Cliff hanger: Missing California hiker found after photo reveals location

PALMDALE, Calif. — If a picture is worth a thousand words, a photo texted by a stranded California hiker helped save his life.

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A photograph of a man’s soot-stained legs, perched above a canyon in the San Gabriel Mountains, was the clue needed for a GPS hobbyist to help authorities save Rene Compean’s life.

Compean, 45, of Palmdale, was disoriented and lost in a remote region of the Angeles National Forest on Monday, the Los Angeles Times reported. On Tuesday, rescue teams dispatched by the Los Angeles County Sheriff’s Department found him and carried him back to safety, according to Sgt. John Gilbert of the sheriff’s department’s Crescenta Valley station.

“I’m happy to be alive,” Compean told KCBS.

The saving clue was a photograph Compean texted to a friend before he went missing. It showed him from the knees down, dangling his bare legs from a precipice, SFGate reported.

When Compean was reported missing by his friend, the man’s car was found near a campground but officials did not know which trail he had taken. That is when the friend offered the grainy photo Compean had texted.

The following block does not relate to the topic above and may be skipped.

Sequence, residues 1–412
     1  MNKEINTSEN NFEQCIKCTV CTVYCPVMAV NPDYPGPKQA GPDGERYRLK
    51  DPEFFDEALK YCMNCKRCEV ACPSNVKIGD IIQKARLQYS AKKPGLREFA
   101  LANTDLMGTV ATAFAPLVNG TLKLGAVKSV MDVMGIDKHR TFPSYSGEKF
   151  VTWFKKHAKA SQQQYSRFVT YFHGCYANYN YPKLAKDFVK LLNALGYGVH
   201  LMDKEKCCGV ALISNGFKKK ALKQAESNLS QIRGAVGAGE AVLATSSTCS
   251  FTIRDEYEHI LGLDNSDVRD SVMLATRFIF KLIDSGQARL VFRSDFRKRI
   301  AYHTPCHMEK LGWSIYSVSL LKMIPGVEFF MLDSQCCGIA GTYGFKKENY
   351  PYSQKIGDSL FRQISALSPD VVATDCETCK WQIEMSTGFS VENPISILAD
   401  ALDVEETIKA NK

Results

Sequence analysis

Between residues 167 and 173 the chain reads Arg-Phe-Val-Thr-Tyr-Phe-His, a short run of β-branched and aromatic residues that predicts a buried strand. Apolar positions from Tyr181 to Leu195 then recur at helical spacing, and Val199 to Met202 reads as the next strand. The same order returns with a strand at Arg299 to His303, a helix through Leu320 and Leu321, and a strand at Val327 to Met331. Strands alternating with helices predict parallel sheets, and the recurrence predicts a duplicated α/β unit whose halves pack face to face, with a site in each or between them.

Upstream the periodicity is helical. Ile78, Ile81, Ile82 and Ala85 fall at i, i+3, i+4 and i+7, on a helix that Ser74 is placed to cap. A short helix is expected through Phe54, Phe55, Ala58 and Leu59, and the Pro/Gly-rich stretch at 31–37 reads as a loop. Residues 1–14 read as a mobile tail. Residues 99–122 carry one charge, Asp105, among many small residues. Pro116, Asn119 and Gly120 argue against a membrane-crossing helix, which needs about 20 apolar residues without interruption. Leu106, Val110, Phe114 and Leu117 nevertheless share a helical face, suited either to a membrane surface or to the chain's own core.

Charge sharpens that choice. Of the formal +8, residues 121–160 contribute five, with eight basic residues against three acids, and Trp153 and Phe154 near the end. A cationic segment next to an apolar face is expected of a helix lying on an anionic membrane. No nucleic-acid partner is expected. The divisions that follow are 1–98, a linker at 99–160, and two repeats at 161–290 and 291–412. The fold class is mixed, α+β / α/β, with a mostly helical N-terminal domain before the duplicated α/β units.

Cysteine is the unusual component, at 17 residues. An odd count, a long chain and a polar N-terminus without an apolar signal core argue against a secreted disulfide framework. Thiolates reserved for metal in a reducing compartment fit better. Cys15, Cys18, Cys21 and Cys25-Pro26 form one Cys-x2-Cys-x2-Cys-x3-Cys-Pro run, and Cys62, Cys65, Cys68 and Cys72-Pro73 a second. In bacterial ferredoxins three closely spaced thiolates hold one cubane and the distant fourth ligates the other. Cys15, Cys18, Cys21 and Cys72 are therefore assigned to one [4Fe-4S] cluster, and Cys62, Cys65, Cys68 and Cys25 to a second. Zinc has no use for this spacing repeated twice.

It wasn’t much, but it was enough for satellite mapping enthusiast Benjamin Kuo of Thousand Oaks, who responded to authorities’ plea on social media and helped narrow down Compean’s location, KCBS reported.

“I’ve got a very weird hobby, which is, I love taking a look at photos and figuring out where they’re taken,” Kuo told KNBC. “I found the location right here, and they actually found him right about there,” Kuo told KCBS, referring to a map of mountainous terrain.

“This was a good clue and it was worth investigation,” Gilbert told KNBC. “So that’s when we asked our Air Rescue 5 to go and check out that area and see if they saw anything, lo and behold we were able to find him.”

The GPS coordinates Kuo sent allowed the rescue team to find Compean about three-quarters of a mile from the spot, the Times reported.

Triplet Rocks, near where Compean was found, is considered “the least accessible peak in the San Gabriel Mountains,” according to summitpost.org, a mountaineering website.

Compean and Kuo met in a virtual meeting, KNBC reported.

“I crazy appreciate what you did,” Compean told Kuo. “I really don’t know if I could make it there another day. It was just so cold.”

Kuo has helped authorities before. He is an amateur ham radio user who goes by the handle @Ai6yrham on Twitter, but he said he’s never aided in anyone’s rescue, the Times reported.

“I’m very happy that he’s safe,” Kuo said of Compean. “It’s gratifying that sitting behind a computer at my desk was so helpful to somebody.”